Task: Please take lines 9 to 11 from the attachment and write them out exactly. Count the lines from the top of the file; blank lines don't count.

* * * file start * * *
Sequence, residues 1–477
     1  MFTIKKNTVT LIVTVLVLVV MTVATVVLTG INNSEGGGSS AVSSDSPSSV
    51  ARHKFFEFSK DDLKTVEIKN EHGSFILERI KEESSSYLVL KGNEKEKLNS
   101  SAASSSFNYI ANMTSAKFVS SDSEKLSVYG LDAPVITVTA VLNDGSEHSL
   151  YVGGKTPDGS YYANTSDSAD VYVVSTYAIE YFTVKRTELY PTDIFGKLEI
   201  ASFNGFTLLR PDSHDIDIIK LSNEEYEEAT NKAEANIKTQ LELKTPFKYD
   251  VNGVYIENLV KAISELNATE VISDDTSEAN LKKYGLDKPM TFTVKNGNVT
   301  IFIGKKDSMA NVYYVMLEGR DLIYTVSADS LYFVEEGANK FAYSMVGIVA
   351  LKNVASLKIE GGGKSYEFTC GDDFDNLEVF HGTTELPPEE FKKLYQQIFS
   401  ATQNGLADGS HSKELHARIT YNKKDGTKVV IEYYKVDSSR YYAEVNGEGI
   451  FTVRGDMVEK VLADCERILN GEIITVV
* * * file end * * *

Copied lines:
   351  LKNVASLKIE GGGKSYEFTC GDDFDNLEVF HGTTELPPEE FKKLYQQIFS
   401  ATQNGLADGS HSKELHARIT YNKKDGTKVV IEYYKVDSSR YYAEVNGEGI
   451  FTVRGDMVEK VLADCERILN GEIITVV